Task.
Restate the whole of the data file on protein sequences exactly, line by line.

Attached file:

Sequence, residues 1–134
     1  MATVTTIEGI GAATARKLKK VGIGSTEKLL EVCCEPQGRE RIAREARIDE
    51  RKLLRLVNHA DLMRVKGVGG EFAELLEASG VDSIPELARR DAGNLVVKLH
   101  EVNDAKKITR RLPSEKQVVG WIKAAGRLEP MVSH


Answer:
Sequence, residues 1–134
     1  MATVTTIEGI GAATARKLKK VGIGSTEKLL EVCCEPQGRE RIAREARIDE
    51  RKLLRLVNHA DLMRVKGVGG EFAELLEASG VDSIPELARR DAGNLVVKLH
   101  EVNDAKKITR RLPSEKQVVG WIKAAGRLEP MVSH